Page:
The Jakarta Post
Hundreds of heritage buildings in Surakarta, Central Java, have been listed as critically damaged but a lack of funding continues to hamper revitalization efforts.
As many as 100 of the city’s 200 heritage buildings and cultural heritage areas are said to be in a critical state of disrepair but due to a budget shortage the city administration must delay its heritage building preservation project, originally scheduled to begin this year.
“Under such conditions, we don’t dare attempt a detailed-engineering design [DED]. We managed to have one of the four designs drawn up, the revitalization of Loji Gandrung,” Surakarta Urban Spatial Planning Agency head Agus Djoko Witiarso said in a recent interview.
The Surakarta administration allocated Rp 350 million (US$26,661.60 ) for the revitalization design in the 2016 city budget but this amount was only sufficient for one revitalization design, he said.
The Surakarta administration plan to revitalize the Al Wustho Mosque, Dalem Joyokusuman and a bunker inside the City Hall complex, each requiring a revitalization budget amounting to Rp 300 million, Rp 300 million and Rp 150 million, respectively.
“We have to wait for the required budget before we can have revitalization designs drawn up for these three projects,” said Agus.
The revitalization of Loji Gandrung is a priority because the building, built in the Dutch colonial era, is the official residence of the Surakarta mayor, he said.
“From an architectural point of view, the value of Loji Gandrung is higher than the three other culture heritage buildings. Hopefully, the revitalization of Loji Gandrung can begin in 2017,” said Agus.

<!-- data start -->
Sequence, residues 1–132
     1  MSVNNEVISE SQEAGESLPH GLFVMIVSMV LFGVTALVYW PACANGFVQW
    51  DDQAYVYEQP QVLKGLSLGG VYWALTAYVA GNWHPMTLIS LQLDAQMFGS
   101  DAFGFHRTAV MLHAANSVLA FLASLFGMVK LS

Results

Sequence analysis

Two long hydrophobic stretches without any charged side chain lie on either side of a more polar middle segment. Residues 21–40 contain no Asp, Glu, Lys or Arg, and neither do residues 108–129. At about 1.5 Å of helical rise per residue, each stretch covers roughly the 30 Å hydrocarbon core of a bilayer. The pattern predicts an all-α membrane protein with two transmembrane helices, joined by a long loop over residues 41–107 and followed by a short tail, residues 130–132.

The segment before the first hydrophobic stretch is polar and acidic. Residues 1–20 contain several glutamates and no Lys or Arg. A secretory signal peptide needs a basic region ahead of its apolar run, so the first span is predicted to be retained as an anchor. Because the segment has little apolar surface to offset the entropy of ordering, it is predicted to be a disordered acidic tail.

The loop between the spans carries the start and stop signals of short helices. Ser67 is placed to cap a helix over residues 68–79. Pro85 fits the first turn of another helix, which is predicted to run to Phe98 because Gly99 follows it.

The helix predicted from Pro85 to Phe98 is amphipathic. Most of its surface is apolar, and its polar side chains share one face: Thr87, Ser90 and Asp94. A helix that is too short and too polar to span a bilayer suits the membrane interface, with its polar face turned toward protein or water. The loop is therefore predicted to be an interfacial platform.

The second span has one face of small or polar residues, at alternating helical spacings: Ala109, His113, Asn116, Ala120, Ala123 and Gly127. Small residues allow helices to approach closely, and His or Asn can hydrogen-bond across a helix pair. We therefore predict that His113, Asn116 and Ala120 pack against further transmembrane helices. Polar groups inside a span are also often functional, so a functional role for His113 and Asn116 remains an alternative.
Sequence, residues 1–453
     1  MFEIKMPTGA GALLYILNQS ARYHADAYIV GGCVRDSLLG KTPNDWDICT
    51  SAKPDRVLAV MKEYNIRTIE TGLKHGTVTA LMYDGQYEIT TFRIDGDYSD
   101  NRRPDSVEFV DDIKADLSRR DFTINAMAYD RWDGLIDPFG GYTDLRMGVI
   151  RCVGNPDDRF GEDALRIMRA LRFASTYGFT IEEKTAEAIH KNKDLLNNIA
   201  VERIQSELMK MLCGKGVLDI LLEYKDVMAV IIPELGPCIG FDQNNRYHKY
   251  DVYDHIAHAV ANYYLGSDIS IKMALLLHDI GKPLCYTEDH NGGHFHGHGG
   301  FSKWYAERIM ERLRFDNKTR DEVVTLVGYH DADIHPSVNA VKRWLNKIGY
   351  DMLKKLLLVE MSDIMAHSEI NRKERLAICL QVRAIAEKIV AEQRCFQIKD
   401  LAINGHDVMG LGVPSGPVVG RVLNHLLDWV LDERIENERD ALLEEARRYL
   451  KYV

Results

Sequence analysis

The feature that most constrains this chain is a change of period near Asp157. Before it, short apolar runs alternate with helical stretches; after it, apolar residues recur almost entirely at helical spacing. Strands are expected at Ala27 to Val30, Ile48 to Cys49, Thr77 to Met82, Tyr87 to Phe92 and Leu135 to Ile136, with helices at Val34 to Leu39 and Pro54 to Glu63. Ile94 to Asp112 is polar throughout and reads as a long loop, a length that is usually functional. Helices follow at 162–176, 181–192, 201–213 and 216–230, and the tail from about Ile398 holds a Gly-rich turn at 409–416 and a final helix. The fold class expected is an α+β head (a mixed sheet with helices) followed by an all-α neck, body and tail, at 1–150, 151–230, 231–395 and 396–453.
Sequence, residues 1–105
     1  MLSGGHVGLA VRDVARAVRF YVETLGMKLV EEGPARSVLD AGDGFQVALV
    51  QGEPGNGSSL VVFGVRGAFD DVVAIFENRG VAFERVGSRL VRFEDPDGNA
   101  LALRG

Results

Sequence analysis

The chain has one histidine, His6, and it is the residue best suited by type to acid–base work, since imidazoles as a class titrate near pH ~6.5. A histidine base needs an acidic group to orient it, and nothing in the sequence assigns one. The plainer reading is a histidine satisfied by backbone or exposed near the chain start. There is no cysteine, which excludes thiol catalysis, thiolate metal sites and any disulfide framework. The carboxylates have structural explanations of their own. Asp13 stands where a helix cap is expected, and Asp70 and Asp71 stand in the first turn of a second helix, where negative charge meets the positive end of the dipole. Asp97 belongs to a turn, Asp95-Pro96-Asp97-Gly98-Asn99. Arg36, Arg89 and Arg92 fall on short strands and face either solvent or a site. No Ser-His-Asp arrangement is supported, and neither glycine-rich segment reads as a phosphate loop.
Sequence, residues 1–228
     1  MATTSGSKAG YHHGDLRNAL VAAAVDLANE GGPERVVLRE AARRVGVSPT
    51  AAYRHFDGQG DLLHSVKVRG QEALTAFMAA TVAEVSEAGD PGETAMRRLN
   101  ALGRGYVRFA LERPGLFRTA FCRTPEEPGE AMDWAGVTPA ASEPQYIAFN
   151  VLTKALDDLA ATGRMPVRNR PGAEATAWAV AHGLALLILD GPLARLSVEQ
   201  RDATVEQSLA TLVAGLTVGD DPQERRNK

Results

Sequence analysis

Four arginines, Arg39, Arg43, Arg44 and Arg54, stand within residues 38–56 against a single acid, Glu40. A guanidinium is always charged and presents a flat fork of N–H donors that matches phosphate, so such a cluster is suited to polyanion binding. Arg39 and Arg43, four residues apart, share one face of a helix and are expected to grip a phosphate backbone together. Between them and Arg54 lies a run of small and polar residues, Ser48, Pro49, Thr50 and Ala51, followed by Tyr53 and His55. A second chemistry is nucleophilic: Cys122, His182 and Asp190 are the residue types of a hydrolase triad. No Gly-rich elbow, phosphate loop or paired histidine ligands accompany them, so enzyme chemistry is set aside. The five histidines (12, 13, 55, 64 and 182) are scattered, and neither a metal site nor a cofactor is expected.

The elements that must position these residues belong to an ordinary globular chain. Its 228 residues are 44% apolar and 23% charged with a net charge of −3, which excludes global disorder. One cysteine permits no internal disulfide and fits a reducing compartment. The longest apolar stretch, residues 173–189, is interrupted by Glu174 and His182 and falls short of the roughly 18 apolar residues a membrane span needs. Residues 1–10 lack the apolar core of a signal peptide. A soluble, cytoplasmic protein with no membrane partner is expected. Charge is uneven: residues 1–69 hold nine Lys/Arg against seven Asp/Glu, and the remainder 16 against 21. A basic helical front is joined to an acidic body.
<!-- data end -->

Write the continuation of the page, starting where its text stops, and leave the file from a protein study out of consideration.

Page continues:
Several iconic culture heritage buildings have been left in a significant state of disrepair, namely the Surakarta Grand Mosque, Kasunanan Palace, Mangkunegaran Palace and the old buildings at the Laweyan batik village, explained Surakarta Culture Heritage Expert Team member Kanjeng Gusti Pangeran Haryo (KGPH) Dipo Kusumo.
“We are creating an inventory of all the culture heritage buildings in Surakarta, including those that are damaged. The team will categorize the level of their damage,” said Dipo, who is the son of the late Surakarta King Paku Buwono XII.
Heritage building preservation experts have said that they are worried that the absence of regulations on the preservation of cultural heritage objects will hamper efforts to save the damaged buildings. Currently, preservation efforts are regulated by the Culture Heritage Law and a Regional Regulation (Perda) on the conservation of culture heritage, through which implementation still requires implementation regulations such as a mayoral regulation.
Indonesian Culture Heritage Preservation Committee (KPCBN) head Agus Anwari said that the government had issued one of several government regulations (PP) needed for the implementation of the Culture Heritage Law, the government regulation on the registration of cultural heritage objects. Other PPs, such as cultural heritage preservation and conservation incentives, remain in discussion.
“The absence of regulations will negatively affect the city’s efforts to conserve heritage buildings, especially if a cultural heritage building is privately owned because the building owner can destroy the old building and replace it with the new one,” said Agus.
Apart from the revitalization efforts, it is hoped that the Surakarta administration will begin to discuss regulations to protect cultural heritage buildings in the city, he said. (ebf)
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